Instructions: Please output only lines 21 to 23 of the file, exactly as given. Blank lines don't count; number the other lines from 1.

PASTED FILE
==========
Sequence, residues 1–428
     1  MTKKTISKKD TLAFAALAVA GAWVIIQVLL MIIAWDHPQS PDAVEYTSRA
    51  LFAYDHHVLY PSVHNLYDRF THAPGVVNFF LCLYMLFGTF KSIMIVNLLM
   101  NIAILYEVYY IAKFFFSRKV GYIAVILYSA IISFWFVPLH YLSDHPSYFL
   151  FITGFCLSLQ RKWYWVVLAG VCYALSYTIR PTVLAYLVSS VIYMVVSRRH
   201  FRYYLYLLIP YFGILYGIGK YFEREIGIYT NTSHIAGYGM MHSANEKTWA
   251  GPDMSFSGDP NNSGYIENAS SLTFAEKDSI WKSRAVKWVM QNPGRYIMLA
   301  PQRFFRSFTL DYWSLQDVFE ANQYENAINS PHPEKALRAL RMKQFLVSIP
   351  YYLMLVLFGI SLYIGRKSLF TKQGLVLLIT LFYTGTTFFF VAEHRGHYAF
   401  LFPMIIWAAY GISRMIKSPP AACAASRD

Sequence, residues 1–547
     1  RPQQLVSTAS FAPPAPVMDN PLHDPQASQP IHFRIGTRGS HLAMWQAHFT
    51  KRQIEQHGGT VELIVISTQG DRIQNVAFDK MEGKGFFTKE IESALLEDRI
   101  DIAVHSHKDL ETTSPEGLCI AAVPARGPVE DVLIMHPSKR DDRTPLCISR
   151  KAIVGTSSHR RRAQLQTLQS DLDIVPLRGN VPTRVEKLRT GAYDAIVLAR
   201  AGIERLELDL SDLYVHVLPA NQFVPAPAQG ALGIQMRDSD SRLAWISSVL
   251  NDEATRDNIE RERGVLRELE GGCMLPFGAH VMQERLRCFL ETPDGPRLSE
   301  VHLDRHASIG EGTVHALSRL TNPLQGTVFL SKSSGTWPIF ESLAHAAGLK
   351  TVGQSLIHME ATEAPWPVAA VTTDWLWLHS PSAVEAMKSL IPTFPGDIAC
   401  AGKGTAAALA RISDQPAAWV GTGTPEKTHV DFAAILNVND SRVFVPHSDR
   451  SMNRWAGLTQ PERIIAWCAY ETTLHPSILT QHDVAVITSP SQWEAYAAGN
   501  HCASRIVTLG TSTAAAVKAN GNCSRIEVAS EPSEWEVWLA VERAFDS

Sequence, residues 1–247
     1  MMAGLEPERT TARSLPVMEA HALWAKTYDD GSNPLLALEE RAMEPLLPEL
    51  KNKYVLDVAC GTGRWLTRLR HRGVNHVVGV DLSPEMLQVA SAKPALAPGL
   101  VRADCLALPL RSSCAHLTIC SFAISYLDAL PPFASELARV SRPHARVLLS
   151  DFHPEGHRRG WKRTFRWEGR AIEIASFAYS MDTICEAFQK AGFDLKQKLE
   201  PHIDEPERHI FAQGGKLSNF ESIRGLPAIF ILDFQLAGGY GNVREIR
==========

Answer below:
   451  SMNRWAGLTQ PERIIAWCAY ETTLHPSILT QHDVAVITSP SQWEAYAAGN
   501  HCASRIVTLG TSTAAAVKAN GNCSRIEVAS EPSEWEVWLA VERAFDS

Sequence, residues 1–247